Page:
In honor of the 40th anniversary of Title IX, the Mink Equal Opportunity in Education Act, my public radio station aired a story on the substantial improvement in girls’ and women’s sports since Title IX was enacted in 1972. As I listened, I distinctly recalled my own experience at the University of Michigan, where I started the women’s lacrosse team.
It was the mid-1980s, 13 years after the passage of Title IX, and I was a freshman at the University. An East Coast transplant living in the Midwest for the first time, I had spent my spring seasons playing high school girls’ lacrosse. So it was with some dismay when I fielded questions repeatedly about the wooden stick laced with leather straps that I carried around campus with me looking for a playmate.
After finding a critical mass of women who knew what my foreign object was and how to use it, my effort to start a team began. At the time there was a men’s club lacrosse team, so precedent for such an endeavor existed. The Athletic Department approved our application and gave us a modest sum of money and permission to use the turf late in the evening on a weeknight to practice. Each player paid dues, and we used the money to buy equipment and uniforms and rent vans to travel to our games.
I remember the long walk to the field down by the Intramural Sports Building on those chilly March nights. Being mindful of our safety on those dark, deserted streets, we would walk there and back as one large posse, carrying dangerous instruments we called lax sticks. On the field under the lights, after the men had their practice, we would run drills, condition and strategize for our upcoming games. We were a motley crew of University women, from freshmen to graduate students, all coming together under tough conditions for the love of lacrosse and the camaraderie of team sports. On the weekends we rented vans and drove ourselves three hours south to play other women’s college teams. Because there wasn’t one other lacrosse team in Michigan, when we wanted to compete closer to home, we played against the few suburban Detroit high schools that had girls’ lacrosse teams. Four years later, when I left Michigan, the team was growing in size and strength.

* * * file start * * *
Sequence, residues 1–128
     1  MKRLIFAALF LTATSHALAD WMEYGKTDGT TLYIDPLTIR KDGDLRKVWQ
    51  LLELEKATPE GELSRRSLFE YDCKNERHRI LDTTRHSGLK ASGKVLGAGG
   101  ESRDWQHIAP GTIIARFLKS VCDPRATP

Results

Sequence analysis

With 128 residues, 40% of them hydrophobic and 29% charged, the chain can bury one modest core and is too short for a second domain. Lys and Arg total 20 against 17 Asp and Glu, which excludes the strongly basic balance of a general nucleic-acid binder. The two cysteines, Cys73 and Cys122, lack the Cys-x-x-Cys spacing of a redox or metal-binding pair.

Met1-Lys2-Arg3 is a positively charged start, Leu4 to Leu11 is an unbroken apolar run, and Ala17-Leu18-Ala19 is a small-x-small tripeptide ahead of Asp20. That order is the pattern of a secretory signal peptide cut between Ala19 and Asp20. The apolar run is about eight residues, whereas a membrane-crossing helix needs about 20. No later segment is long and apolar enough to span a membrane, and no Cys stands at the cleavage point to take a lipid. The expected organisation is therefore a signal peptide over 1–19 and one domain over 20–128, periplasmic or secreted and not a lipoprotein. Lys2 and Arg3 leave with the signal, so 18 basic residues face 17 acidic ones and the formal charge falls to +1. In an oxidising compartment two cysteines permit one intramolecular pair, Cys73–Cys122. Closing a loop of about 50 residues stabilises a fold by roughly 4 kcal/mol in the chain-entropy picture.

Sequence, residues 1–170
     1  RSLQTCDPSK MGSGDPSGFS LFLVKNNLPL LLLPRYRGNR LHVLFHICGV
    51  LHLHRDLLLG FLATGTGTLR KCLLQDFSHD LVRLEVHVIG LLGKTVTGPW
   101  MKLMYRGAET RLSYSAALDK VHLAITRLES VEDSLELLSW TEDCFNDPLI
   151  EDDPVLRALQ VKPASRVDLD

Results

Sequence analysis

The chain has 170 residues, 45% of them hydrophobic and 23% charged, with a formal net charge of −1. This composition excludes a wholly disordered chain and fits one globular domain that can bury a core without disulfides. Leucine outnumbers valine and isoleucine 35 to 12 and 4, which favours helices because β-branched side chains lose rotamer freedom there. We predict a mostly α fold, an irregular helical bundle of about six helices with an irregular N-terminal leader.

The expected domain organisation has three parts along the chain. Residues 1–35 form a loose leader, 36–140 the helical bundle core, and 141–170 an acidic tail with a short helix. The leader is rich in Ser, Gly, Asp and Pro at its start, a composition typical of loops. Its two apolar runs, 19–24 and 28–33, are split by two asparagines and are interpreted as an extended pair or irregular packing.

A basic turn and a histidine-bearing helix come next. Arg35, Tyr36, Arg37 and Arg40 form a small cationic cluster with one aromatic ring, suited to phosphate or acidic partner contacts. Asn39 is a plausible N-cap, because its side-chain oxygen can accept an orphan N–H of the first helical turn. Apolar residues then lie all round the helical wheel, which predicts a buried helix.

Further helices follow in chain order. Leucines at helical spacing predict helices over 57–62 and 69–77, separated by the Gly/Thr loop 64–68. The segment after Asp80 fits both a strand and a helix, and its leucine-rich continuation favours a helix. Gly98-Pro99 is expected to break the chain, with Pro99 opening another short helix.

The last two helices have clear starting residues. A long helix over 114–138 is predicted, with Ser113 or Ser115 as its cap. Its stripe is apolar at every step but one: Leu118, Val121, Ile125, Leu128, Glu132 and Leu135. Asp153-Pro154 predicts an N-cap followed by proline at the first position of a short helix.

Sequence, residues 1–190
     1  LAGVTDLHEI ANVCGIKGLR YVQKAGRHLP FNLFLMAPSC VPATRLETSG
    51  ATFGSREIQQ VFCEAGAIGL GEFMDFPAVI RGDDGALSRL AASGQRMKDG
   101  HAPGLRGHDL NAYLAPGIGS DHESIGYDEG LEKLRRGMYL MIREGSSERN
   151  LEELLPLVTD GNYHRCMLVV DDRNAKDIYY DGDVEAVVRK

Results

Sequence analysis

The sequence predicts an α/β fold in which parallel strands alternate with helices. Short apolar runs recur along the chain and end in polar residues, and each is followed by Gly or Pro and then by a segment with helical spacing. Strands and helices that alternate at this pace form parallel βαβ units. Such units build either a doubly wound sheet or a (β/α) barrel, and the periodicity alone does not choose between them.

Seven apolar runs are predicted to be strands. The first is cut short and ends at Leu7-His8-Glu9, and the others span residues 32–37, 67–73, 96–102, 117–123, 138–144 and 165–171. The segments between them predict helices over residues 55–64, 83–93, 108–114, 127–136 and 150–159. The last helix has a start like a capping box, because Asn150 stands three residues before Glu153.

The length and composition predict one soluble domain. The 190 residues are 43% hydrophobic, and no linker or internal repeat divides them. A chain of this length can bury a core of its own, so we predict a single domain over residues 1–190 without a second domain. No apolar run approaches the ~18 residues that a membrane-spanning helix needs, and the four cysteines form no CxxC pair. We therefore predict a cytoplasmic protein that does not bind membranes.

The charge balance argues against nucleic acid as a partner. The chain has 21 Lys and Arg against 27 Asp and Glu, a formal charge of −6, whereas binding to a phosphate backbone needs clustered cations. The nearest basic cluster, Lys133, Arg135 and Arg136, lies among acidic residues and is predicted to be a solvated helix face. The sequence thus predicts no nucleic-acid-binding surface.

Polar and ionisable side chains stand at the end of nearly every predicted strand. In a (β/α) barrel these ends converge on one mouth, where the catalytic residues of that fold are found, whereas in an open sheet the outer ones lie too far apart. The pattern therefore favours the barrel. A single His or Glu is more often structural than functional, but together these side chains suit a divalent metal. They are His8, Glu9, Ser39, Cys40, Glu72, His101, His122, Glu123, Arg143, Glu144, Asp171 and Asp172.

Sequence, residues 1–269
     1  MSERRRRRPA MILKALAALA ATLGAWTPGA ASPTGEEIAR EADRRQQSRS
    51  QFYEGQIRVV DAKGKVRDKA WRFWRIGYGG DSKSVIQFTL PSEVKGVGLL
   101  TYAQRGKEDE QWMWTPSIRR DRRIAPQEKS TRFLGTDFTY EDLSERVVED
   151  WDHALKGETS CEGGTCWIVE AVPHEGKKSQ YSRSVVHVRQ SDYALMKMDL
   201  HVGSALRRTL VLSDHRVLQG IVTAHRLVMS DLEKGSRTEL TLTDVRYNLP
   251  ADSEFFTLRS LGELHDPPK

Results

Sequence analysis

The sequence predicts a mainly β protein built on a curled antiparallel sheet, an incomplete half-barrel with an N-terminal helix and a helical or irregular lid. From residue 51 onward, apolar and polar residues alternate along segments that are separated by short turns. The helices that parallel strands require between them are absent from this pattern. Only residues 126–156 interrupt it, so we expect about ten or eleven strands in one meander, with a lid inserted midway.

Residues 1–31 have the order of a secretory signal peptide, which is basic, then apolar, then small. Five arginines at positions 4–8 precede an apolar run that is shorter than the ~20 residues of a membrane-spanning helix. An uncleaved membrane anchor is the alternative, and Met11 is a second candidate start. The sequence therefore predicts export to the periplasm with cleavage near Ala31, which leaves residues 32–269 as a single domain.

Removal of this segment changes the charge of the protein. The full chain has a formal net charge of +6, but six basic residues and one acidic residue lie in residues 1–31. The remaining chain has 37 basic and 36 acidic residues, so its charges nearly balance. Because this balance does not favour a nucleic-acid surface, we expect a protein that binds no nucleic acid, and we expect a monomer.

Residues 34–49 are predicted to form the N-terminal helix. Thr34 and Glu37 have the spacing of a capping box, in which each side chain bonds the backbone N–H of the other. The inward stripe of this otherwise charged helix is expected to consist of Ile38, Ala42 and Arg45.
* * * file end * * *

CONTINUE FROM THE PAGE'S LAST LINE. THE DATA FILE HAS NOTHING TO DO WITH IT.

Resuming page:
Those were the 1980s. Much has improved since that time — both at my beloved University and for female athletes around the country. Women athletes my age have stories much the same. As I look to my daughter’s generation of competitors, I am mindful of the past and encouraged by the course that has been set for the future.
Hillary B. Farber